- The Quiet Summer of 2011, and Honest Work
- Respectable Showing For the Diamond Sector at PDAC 2011
- PDAC 2011 – this March
- Promising Diamond Find by Metalex in Northern Ontario, Plus Grades from Chidliak and Movement at Renard
- Peregrine Finds 1.15 Carat Diamond at Chidliak
- Stornoway Diamond Corp. Works to Expand Resources at Renard Project
- 2010 Toronto Resource Investment Conference
- Newsworthy Week For Canadian Diamond Companies
- Different Types of Diamonds at Fort à la Corne
- Kimberlites and Diamonds of Western Canada
5034 AAD Aappaluttoq Aber Diamonds ABX ACS AEM Ag Agnico-Eagle Mines Agrium Alberta Alto Ventures Amarillo Amaruk AMEC Amerigo Archangel Diamond Archon Minerals Ltd. Arctic Arctic Star Diamond ARG Argentina Argyle Ashton Mining Canada Attawapiskat ATV ATW ATW Venture Corp. Au Australia AUY Avalon Rare Metals Avanti Mining Corp. Aviat AVL Baffin Island Barrick Bathurst Beluga BHP BHP Billiton Birch Mountains Bling Blue Note Mining Blue Pearl Cluster BN BRIC Buenaventura Buffalo Head Hills Bunder Burnstone Ventures Inc. BVE BVN Canada Candente Candle Lake Canterra carbonatite Caribou Castillian CCE Chariot Resources CHD Chidliak Chile Chris Jennings Chuck Fipke Churchill Churchill craton CL CLF Cliffs Co Codelco Coloured Gemstones Commerce Resources Contact Diamond Corporation copper CTM Cu Cullinan DDN DeBeers Diamond Diamondex Diamonds Diamonds North Dianor Diavik Diopside dividend DNT DO-27 DOR DSP Eastmain Resources Ekati El Teniente emerald EnCana Corp. ER EuroZinc Exotic Metals FALC FGE FGT First Nickel Inc. Fiskenaesset FNI FNV Forest Gate Fort a la Corne Foxtrot Franco-Nevada G Gahcho Gahcho Kue Gem Diamonds geologic terms glossary gold Goldcorp GPR Great Panther Resources Great Panther Silver Greenland Grib Grizzly Discoveries Inc. Gualcamayo Guanajuato Guaniamo GZD Harry Winston Hawthorne Gold Hearne HGC Hibou HUD Hudson Resources Hunter Exploration HW HWD IME In Indicator Minerals indium interview iron Jericho Jericho Diamond Mine Jigsaw K K-2 Kahuna Kennady Lake Killiq kimberlite Kinross KWG Kyle Lake Lac De Gras Las Aguilas lead Leadbetter Lesotho Letseng Li limestone lithium Lockerby LUC Lucara Lukoil LUN Lundin Mining Lynas Lynx Mapimi Marifil Mines Ltd. market hype MAT Matamec Exploration Inc. Metalex Ventures Mexico Mexivada MFM Mina El Carmen Mo molybdenum Monument Diamond Project Motapa Mothae Mountain Province Diamonds MPV MTC MTP MTX Muskox Kimberlite natural gas Nb NEM Neuqen Basin New Gold Newmont New Nadina Diamonds Ltd. NGD Ni NI 43-101 nickel niobium NMC NNA Noront NOT Notch Nunaminerals Nunavut oil Orion Otish Pascua Llama Pb PC Gold Pd PDAC Pedernal Peregrine Peregrine Diamonds Petra Diamonds PGD PGE PGM PKL placer platinum Pogo Mine potash Potash Corp. pre-feasibility PST003 Pt Punta Colorado Qavvik Qilaq QUA Quadra Mining QUC Quebec Quebect Quest Rare Metals Quest Uranium rare earth elements Rare Element Resources Raytech Metals Corp. Re REE Renard RES Restigouche rhenium Rio Colorado Rio Narcea Rio Tinto RSC RTP ruby San Antonio San Juan San Roque sapphire Saskatchewan SGF Shear Diamonds Shear Minerals Shore Gold silver SL Snap Lake Sola Resource Corp Soltoro SOQUEM Inc. SRM Star Stewart Blusson stockhouse.com Stornoway Stornoway Diamonds Strange Lake Strateco Resources SWY Ta TAH Tahera tantalum TCK.A TCK.B TCM Teck Cominco Terrane Metals Tesla TGX Thompson Creek Metals Thor Lake TIF Tiffany & Co. Topia Topia Mine Toronto Resource Investment Conference Triex True North Gems TRX Tsa Da Glisza Tuktu Tuktu-1 Tunerq tungsten Tuzo Type IIa U uranium VAA Vaaldiam Mining Inc. VALE-INCO Veladero Venezuela Victor WDO Wesdome Western Troy Capital Resources WRY WWW International Diamond Consultants Ltd. Yamana Gold Inc. YRI zinc Zn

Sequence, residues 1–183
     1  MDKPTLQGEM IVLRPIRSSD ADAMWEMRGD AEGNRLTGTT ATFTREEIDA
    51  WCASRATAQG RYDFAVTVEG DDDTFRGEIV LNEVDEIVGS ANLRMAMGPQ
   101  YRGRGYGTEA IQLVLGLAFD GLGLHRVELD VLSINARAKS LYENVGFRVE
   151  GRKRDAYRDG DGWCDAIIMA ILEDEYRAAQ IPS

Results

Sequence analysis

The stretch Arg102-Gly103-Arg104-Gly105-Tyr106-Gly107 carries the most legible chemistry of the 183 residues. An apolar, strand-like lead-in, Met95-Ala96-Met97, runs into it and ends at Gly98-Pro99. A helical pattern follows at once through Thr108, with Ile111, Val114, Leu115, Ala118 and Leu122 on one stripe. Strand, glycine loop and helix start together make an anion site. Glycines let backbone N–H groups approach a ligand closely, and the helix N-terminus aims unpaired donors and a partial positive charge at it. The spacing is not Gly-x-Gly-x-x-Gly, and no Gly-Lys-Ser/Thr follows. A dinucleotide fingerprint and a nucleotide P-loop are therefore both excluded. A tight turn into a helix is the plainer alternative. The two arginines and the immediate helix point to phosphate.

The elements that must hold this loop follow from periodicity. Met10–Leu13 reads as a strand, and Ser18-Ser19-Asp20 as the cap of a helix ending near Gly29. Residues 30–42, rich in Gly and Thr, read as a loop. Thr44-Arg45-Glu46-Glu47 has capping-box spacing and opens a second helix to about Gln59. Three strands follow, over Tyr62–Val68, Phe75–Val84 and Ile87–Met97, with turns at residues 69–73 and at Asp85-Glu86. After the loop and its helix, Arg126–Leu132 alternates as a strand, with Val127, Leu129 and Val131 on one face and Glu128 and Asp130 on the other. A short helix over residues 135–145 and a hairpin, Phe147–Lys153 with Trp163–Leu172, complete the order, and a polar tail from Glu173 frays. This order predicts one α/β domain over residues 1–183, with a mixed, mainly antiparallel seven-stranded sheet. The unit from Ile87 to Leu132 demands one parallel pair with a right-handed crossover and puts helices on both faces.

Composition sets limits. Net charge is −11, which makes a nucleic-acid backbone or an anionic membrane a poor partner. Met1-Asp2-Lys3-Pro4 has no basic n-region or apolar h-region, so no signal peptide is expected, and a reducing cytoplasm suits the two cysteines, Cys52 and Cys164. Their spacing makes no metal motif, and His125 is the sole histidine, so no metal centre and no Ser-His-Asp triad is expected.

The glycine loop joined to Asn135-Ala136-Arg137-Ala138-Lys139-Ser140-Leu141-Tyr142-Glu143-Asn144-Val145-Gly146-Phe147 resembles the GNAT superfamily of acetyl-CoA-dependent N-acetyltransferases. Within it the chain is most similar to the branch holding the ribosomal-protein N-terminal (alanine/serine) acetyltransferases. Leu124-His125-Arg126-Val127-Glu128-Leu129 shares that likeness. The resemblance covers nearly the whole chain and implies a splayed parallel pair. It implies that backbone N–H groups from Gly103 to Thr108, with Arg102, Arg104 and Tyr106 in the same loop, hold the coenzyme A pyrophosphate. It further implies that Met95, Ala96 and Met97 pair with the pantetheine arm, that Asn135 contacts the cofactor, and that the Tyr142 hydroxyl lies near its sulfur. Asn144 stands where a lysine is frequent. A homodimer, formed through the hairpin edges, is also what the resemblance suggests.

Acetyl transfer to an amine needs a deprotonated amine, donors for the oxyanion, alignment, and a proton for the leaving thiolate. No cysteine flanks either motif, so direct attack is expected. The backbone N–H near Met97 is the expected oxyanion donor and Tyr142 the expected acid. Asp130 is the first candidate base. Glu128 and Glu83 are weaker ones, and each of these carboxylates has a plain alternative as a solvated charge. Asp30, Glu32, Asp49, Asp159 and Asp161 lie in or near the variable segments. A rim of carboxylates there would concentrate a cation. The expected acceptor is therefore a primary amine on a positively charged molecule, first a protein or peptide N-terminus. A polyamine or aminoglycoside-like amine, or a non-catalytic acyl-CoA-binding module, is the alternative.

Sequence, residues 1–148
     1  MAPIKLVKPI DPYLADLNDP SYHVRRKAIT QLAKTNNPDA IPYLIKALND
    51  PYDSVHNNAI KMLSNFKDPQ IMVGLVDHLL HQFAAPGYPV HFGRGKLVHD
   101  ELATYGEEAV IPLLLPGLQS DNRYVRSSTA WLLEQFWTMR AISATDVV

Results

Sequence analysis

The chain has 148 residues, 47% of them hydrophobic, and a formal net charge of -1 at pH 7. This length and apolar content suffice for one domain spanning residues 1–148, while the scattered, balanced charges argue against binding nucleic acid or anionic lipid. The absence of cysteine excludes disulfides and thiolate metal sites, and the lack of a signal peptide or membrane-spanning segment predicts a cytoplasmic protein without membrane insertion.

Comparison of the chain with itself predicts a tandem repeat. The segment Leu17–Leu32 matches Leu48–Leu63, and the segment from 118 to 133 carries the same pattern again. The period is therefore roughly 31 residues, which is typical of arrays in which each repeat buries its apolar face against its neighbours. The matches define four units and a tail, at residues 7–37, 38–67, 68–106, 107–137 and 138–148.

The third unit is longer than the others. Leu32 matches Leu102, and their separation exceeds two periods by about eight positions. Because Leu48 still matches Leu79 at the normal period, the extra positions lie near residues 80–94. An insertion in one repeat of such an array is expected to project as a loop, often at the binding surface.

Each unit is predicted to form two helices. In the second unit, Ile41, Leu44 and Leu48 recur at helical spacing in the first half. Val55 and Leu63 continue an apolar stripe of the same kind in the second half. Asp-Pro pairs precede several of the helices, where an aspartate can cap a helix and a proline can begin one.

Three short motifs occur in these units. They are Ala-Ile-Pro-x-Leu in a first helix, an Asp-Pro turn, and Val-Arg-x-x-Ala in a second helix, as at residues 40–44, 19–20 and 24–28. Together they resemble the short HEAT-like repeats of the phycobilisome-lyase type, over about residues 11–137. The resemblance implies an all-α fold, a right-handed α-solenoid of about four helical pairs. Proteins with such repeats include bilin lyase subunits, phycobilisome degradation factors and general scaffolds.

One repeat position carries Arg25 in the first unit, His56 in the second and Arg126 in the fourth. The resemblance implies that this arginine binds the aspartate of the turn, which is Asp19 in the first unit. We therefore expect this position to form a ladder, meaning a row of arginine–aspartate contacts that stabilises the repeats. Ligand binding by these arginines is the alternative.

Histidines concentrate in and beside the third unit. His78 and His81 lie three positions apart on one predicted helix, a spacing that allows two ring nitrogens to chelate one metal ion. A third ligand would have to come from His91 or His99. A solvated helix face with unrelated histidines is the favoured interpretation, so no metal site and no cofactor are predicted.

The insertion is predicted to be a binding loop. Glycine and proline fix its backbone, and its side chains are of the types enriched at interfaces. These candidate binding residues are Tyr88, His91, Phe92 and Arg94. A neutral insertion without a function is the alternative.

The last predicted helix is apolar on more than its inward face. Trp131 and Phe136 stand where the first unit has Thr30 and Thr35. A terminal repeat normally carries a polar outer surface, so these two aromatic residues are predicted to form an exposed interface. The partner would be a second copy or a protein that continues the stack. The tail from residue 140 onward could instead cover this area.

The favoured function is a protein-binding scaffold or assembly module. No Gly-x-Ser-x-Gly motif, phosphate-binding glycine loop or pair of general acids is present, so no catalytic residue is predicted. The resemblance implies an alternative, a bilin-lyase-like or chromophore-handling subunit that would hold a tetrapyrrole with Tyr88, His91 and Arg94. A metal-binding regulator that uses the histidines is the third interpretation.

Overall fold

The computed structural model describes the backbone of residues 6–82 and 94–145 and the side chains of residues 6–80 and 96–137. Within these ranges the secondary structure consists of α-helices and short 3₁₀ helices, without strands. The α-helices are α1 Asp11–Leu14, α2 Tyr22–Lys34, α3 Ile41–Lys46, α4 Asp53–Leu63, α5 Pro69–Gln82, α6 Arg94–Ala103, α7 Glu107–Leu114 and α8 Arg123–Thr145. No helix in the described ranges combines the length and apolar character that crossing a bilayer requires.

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Promising Diamond Find by Metalex in Northern Ontario, Plus Grades from Chidliak and Movement at Renard